Theatre and Dance

Chairperson: Charles Pepiton
Associate Professors:
K. Jeffs, C. Pepiton
Assistant Professors:
S. Ostersmith, C. Smith, L. Stamoolis
Lecturers: P. Erickson, S. Fealk, K. Parbon, R. Childers

The department offers two majors and two minors:

Bachelor of Arts, Theatre Arts major
(required concentration in either Performance or Technical Theatre)
Bachelor of Arts, Dance major
(required concentration in either Dance Pedagogy or Performance)
Minor in Theatre Arts
Minor in Dance

Since the earliest human civilizations, theatre and dance have been integral to the fabric of human communication. The process of performance is woven into personal, community, business, artistic, and religious life - and into the dialogue among the cultures and nations of the world.

Critical examination of this process describes, interprets, and evaluates these relationships. As faculty in the Department of Theatre and Dance, we seek to assist students in becoming effective, creative, and ethically responsible communicators who can understand theoretical choices and design, express, interpret, and critically evaluate oral, written, nonverbal, and electronically mediated messages.

Theatre and Dance, as an academic discipline, draws upon the humanities, the social and natural sciences, and the professions. The curriculum is both conceptual and applied. Courses prepare for an in-depth exploration of one or more areas of inquiry. Teaching and learning methods combine lectures, seminars, workshops, production, and performance. Theatre and Dance at Gonzaga reflects the Catholic, Jesuit character and liberal arts tradition of the institution.

Mission Statement

The Theatre and Dance Department at Gonzaga University is committed to training and developing artists who confront the important issues of our lives through their engagement with the art forms of live theatre and dance.

Students study and critically reflect on a broad range of literature, theatrical forms, and techniques in order to promote an active engagement with the foundations of our culture and to promote the formation of a character that reflects the faith and justice mission of Gonzaga University. The intended outcome of this study and reflection is to provide service to our audience and the broader community and to promote the pursuit for social justice.

Our purpose is to serve young artists hoping to apply disciplined training and thoughtful work to search for justice and the greater good of those around them.

Students interested in a minor that combines the strengths of theatre, dance, visual arts, and music should visit the Interdisciplinary Arts page for more information about the Interdisciplinary Arts Minor. 

B.A. Major in Theatre Arts: 44-49 credits

Lower Division
THEA 100 Introduction to Theatre Arts 3 credits
THEA 200 Theatre History 3 credits
THEA 111 Acting I 4 credits
THEA 216 Acting II 4 credits
THEA 235 Design Process 3 credits
THEA 253 Directing I 3 credits
THEA 260 Technical Lab 2 credits
THEA 261 Performance Lab 2 credits
Two of the following five courses: 6-7 credits
THEA 132 Stagecraft
THEA 134 Costume Construction
THEA 237 Costume and Fashion Design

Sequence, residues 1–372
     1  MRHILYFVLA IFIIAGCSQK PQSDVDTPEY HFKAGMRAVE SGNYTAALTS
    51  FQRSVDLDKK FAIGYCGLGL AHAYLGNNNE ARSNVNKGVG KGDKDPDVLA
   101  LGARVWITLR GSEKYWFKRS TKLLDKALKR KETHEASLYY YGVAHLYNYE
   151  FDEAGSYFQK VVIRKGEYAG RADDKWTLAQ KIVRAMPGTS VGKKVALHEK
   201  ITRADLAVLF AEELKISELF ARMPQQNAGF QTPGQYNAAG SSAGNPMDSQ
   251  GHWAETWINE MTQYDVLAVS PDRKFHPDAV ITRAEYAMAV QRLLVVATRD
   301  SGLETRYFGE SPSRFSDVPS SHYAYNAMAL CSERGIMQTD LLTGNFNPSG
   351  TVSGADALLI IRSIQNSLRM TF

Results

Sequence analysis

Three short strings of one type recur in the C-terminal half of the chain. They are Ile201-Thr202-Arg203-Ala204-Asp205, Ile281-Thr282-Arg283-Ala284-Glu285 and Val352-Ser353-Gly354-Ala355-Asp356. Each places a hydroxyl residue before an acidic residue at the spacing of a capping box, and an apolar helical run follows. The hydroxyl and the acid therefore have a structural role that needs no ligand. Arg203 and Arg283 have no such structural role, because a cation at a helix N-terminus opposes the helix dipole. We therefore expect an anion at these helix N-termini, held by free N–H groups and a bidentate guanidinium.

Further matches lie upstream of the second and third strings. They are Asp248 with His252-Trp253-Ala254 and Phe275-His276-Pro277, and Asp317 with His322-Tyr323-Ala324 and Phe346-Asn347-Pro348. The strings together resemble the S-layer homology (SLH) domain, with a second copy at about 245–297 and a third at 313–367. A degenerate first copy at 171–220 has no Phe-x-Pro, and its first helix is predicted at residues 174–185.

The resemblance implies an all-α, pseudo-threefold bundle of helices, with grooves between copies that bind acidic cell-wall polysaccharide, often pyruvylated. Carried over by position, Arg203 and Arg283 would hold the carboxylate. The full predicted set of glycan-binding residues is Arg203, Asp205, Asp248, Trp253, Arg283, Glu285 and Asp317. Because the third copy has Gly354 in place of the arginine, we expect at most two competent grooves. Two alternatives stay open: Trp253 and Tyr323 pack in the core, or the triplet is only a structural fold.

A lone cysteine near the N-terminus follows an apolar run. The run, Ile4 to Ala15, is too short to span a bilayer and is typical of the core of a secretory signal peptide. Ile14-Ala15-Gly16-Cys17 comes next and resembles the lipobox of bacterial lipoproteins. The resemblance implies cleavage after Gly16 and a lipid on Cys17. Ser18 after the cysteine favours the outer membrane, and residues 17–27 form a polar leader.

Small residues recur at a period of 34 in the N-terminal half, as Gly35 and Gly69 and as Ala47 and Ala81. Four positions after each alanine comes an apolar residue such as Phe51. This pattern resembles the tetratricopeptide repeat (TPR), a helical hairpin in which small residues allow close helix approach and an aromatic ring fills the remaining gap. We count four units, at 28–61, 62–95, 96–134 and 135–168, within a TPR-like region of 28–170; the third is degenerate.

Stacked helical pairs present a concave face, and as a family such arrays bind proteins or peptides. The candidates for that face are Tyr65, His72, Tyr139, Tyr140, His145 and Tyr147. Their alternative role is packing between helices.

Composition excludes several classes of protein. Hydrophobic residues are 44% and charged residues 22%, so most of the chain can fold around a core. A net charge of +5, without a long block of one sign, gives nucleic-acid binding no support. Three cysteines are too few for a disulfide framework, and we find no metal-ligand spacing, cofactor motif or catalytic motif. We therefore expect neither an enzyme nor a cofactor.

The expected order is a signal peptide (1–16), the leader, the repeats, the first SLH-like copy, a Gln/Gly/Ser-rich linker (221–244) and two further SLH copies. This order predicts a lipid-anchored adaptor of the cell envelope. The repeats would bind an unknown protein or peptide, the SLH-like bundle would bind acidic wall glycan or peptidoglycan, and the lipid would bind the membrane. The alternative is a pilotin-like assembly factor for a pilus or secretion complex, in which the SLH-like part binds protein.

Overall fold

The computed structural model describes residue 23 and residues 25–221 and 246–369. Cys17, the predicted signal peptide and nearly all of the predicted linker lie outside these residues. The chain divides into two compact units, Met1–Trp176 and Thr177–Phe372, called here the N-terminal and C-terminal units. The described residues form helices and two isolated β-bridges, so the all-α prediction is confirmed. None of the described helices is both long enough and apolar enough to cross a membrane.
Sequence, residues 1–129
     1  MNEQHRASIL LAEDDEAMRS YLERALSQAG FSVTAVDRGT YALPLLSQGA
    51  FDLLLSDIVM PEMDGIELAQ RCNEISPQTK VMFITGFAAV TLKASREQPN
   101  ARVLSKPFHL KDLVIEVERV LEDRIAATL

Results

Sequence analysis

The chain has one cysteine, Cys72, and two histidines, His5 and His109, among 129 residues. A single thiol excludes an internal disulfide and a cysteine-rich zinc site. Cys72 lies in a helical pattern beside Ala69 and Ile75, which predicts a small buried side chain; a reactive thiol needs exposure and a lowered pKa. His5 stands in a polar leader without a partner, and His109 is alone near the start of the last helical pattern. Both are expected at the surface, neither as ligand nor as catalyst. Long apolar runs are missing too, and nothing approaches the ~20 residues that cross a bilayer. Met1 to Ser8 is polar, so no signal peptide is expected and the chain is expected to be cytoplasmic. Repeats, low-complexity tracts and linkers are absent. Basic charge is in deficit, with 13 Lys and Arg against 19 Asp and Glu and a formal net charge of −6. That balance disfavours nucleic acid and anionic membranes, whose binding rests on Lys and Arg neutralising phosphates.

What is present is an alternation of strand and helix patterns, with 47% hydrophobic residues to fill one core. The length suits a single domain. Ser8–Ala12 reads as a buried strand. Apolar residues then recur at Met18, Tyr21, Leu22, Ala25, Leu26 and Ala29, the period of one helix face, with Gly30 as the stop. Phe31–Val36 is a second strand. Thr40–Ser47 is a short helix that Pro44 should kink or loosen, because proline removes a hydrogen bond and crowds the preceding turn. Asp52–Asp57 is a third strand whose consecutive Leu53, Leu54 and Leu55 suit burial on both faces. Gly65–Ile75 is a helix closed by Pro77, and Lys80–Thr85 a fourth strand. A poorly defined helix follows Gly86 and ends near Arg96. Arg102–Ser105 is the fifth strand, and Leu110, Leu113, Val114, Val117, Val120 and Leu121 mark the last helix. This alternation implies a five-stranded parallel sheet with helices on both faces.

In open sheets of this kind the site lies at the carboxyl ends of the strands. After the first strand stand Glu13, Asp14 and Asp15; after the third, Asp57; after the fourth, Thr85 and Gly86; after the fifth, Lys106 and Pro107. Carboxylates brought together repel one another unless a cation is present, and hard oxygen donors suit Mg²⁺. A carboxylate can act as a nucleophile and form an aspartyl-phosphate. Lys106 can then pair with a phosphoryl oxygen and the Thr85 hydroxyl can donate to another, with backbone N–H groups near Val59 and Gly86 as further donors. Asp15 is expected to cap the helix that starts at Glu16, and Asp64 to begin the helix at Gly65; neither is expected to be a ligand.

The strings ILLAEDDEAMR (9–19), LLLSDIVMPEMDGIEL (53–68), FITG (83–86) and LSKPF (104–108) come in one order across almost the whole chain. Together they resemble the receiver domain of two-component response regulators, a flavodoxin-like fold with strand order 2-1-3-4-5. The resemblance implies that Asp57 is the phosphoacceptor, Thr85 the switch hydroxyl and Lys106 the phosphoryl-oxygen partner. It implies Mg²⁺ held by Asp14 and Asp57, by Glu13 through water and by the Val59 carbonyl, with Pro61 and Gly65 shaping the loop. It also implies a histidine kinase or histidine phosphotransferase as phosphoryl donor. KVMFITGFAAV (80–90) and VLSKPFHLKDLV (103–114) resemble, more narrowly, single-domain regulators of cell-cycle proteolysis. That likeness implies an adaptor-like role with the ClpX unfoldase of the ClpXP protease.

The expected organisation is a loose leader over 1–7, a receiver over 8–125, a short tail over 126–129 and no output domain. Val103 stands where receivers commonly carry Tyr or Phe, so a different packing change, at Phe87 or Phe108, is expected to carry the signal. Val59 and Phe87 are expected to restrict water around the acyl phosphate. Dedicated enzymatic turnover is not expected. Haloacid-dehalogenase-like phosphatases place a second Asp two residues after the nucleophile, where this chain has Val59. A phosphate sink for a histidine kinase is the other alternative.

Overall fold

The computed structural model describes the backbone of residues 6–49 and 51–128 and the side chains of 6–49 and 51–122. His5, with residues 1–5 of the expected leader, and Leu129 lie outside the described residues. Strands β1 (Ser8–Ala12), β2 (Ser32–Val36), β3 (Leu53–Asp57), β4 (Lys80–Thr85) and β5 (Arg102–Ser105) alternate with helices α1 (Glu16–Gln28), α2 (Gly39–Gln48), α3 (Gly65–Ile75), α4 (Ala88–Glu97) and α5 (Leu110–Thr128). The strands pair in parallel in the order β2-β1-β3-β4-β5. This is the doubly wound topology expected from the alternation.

THEA 239 Lighting Design
THEA 332 Scenic Design
Minimum of two credits from the following courses: 2 credits
THEA 120 Voice and Movement
THEA 124 Ballet I
THEA 125 Jazz Dance I
THEA 224 Contemporary Modern Dance I
THEA 230 Topics in Dance
THEA 320 Ballet II
THEA 321 Jazz Dance II
THEA 322 Musical Theatre Dance
THEA 323 Urban Dance
Upper Division
THEA 354 Directing II 3 credits
THEA 497 Internship 1-3 credits
THEA 498 Senior Project I 1 credit
THEA 499 Senior Project II 1 credit
One of two concentrations: 8-9 credits

Performance concentration:

9 credits
THEA 240 Theatre for Young Audiences 3 credits
THEA 316 Acting for the Camera 4 credits
Two credits from the following courses:
2 credits
THEA 261 Performance Lab
THEA 490-THEA 494 Directed Studies

Technical Theatre concentration:

8-9 credits
One of the following four courses: 3 credits
THEA 134 Costume Construction
THEA 237 Costume and Fashion Design
THEA 239 Lighting Design
THEA 332 Scenic Design
One of the following courses:
3-4 credits
BRCO 204/BRCO 204L Audio Production
BRCO 303 Intermediate Television Production
Two credits from the following courses:
2 credits
THEA 260 Technical Lab
THEA 490-494 Directed Studies

B.A. Major in Dance: 35 credits

Lower Division
THEA 122 Interdisciplinary Arts 3 credits
THEA 227 Principles of Dance Conditioning 3 credits
THEA 228 Dance History 3 credits
THEA 260 Technical Lab 1 credit
Two of the following four courses: 4 credits
THEA 124 Ballet I
THEA 125 Jazz I
THEA 224 Contemporary/Modern I
THEA 226 Accelerated Dance Technique
Upper Division
Two of the following five courses: 6 credits
THEA 320 Ballet II
THEA 321 Jazz II
THEA 322 Musical Theatre Dance
THEA 323 Urban Dance
THEA 324 Modern Dance II
THEA 425 Choreography 3 credits
THEA 496A Strategies for Dance Instruction I 3 credits
THEA 498 Senior Project I 1 credit
   
One of two concentrations:
   

Dance Pedagogy concentration:

8 credits
THEA 426 Advanced Composition and Production 2 credits
THEA 496B Strategies for Dance Instruction II 2 credits

Electives:

4 credits
          EDPE 224 Nutrition for Health and Fitness* (3 credits)  
          EDPE 311 Health, Fitness, & Phys Ed Pedagogical Principles* (3 credits)  
          EDTE 201 Learning Theories and Epistemologies (3 credits)   
          EDTE 221E Elementary Instruction & Assessment** (3 credits)   
THEA 497 Internship (not to exceed 3 credits)
THEA 132 Stagecraft (4 credits) 
THEA 134 Costume Construction (3 credits)